Other formats

    Adobe Portable Document Format file (facsimile images)   TEI XML file   ePub eBook file  


    mail icontwitter iconBlogspot iconrss icon

Salient: Victoria University Students' Paper. Vol. 27, No. 14. 1964.

Washing - up Washday

Washing - up Washday

Sir,—The action of Mr. Kinsella in withdrawing "Washday At The Pa" is disturbing for deeper reasons than you give. You suggest these reasons in your last paragraph when you say that, in Maori-Pakeha relationships. "We are not quite sure where we are going."

Our trouble is this: that we who dimly and fearfully guess at our own future, are taking the Maoris with us.

"Washday At The Pa" shows us those qualities of Maori life which we admire and even envy. Happiness love, enthusiasm are shown to us, but in shabby surroundings. We panic. Are we not fruitfully occupied in tidying up these surroundings? And are we not wondering that, at the same time, we might be smothering these qualities? Who wants to hear white children taunt the Maoris with their shabbiness when he also perceives his own unease at the education which teaches them to despise shabbiness so much that it is the only thing they can see?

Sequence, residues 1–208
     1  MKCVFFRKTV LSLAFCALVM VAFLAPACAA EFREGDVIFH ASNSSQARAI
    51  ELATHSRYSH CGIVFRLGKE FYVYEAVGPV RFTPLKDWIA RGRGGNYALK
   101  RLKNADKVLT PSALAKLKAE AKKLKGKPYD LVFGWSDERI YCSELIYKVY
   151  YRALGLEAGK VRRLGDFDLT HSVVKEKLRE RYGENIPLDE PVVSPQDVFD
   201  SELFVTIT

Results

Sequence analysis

Mr. Kinsella removed this book not for political reasons, not because it could offend, not because children are cruel. These are the superficial, misleading and therefore false reasons. He removed it as an expression of the troubled conscience of the white man and the anxious perplexity of the Maori, who has no choice but to follow him. And he removes the book not from the conditioned, unwilling gaze of the adults, but from the clear vision of our children, so that they will no longer spill the beans, and taunt their Maori counterparts and say what we hate to hear—"Come on Maori boy—be like us."—I am, etc.,

Robert Oliver